Hoppy beers have a certain “allowed” haziness to them which is due to the fact that dry hopping naturally makes beer a little hazier.

However, is dry-hopping recommended for home-brewed beers? We will answer this question in its own section, but for the moment we can say that adding hops into the wort/beer after the mash (and its “natural filtering”) will of course affect the overall haziness.

If we want to be strict about it, so that the hop additions do not affect the clarity of the beer, they should always be added before the transfer from the boiling kettle to the fermenter and, obviously, trying to leave as much of the trub in the pot as possible.

In the market, there are a variety of hops with concentrated essential oils which allow additions of fewer grams in exchange for the same or better results in bitterness, flavor, and aroma. The main advantage of this is that we reduce considerably the amount of trub at the bottom of the pot.

This will help us with clarification and will also allow us to get some extra liters.

It’s worth noting that none of these individual tips will tip the scales in one direction or the other on their own, but it’s the combination of these tips with all the other steps that I will lay out in this article that, when combined, make a noticeable difference.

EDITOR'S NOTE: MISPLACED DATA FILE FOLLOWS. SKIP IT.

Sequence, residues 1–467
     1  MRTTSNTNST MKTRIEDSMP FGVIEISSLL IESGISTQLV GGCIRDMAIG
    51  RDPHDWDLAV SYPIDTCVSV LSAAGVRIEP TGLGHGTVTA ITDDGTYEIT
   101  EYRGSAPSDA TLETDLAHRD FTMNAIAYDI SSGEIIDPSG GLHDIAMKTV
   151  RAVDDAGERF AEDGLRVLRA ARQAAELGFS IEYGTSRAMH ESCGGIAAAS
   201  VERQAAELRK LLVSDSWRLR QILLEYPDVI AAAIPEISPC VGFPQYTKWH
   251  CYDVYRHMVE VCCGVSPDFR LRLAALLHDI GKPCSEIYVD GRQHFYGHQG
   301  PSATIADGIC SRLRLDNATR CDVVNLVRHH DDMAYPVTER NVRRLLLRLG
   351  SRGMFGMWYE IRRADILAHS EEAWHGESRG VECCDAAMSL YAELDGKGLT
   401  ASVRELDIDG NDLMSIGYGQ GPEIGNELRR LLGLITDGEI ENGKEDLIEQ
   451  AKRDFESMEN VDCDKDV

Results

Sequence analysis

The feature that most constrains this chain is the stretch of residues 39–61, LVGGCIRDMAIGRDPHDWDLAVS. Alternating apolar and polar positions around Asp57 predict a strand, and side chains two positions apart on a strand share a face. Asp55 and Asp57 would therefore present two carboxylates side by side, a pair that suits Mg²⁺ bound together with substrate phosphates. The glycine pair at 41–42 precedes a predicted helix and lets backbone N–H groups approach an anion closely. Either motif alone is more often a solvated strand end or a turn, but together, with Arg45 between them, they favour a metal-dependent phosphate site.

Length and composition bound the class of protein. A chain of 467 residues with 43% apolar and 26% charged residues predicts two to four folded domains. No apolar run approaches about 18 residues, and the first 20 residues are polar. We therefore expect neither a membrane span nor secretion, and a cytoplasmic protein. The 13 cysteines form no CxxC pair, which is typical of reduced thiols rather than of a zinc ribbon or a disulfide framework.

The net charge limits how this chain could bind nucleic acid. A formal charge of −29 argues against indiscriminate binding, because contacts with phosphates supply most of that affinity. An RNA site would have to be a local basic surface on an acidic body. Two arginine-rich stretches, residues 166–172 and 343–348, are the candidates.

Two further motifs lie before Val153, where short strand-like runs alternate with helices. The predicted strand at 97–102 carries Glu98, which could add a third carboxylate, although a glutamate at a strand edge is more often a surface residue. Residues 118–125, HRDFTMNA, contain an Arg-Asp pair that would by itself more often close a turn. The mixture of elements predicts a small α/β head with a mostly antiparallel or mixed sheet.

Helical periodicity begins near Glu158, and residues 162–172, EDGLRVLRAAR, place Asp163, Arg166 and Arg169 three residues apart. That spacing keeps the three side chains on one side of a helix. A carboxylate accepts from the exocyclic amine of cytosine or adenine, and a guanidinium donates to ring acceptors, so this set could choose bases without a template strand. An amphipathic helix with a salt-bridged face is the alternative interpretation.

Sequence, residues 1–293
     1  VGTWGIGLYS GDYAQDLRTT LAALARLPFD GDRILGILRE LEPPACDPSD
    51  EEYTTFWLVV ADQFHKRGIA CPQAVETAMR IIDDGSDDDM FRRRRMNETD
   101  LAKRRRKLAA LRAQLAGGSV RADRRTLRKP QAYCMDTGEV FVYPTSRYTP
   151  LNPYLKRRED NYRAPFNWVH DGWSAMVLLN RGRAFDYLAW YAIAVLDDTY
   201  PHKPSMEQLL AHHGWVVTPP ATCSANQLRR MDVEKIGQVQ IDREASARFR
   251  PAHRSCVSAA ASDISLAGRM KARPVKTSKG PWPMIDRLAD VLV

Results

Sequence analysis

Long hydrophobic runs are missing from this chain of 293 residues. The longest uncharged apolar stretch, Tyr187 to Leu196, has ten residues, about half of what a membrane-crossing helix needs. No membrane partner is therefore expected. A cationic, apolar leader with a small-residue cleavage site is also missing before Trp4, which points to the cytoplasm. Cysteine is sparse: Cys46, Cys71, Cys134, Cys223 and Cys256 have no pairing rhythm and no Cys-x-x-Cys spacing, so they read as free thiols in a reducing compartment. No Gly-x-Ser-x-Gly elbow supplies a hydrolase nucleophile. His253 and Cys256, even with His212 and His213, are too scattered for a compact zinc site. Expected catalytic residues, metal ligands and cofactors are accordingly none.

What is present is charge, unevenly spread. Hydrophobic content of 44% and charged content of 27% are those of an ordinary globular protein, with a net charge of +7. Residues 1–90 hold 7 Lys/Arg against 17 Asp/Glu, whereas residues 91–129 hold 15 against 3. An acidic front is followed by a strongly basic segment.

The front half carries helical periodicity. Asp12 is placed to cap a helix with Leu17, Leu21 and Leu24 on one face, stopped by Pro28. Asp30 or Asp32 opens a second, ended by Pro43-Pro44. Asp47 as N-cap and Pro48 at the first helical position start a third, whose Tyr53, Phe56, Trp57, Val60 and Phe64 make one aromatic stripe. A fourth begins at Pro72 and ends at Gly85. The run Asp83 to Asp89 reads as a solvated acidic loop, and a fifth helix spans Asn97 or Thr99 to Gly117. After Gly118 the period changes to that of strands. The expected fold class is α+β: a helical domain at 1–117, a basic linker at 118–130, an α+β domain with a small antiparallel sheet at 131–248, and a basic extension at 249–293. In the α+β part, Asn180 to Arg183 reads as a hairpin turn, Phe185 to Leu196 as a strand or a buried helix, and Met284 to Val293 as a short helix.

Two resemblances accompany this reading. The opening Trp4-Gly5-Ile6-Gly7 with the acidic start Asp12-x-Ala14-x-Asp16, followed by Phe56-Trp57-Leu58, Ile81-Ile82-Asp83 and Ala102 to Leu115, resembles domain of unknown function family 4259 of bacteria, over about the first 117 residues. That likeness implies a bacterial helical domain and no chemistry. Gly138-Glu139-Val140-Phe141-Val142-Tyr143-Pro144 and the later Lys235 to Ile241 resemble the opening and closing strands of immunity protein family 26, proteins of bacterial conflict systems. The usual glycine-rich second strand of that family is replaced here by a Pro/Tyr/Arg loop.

Some adjuncts can also contribute to haziness in different ways.

Wheat, for example, will do so directly since it contains a high level of protein. Oats, on the other hand, will do it in an indirect way, sometimes clogging the mash filters. In any case, we can include it in low proportions.

Beer Brewing

There are certain objectives in brewing that do not involve just one step or one instance. Clarity, for example, is going to be one of these objectives that are affected from the malt used and its milling, all the way to the cold crash.

Grain Milling

Proper milling of the grains is absolutely crucial. For this, it is necessary that the grains are broken but that this does not generate an abundance of powder, since this is one of the main proponents of haziness. 

Among the mills available on the market, there are two distinct options: disc mills and roller mills.

  1. Disc Mill: It is inexpensive, but that is where its advantages end. Despite its widespread use in the brewing field, the reality is that it is a generic grain grinder and therefore not really designed for the beer industry. It fulfills its primary function of grinding, but rather than splitting the grain, it will completely destroy it, generating a lot of powder in the process.

Note: In the case of using this mill, adjust the discs to obtain the least amount of powder possible.

  1. Rollers: These types of mills are intended for brewing beer. Their grinding is homogeneous and only splits the grain. The amount of powder is much less, and they can also be used with a drill, greatly speeding up the process.


When mashing, make sure to stir the grains well so that no lumps form and a good bed of grains is formed.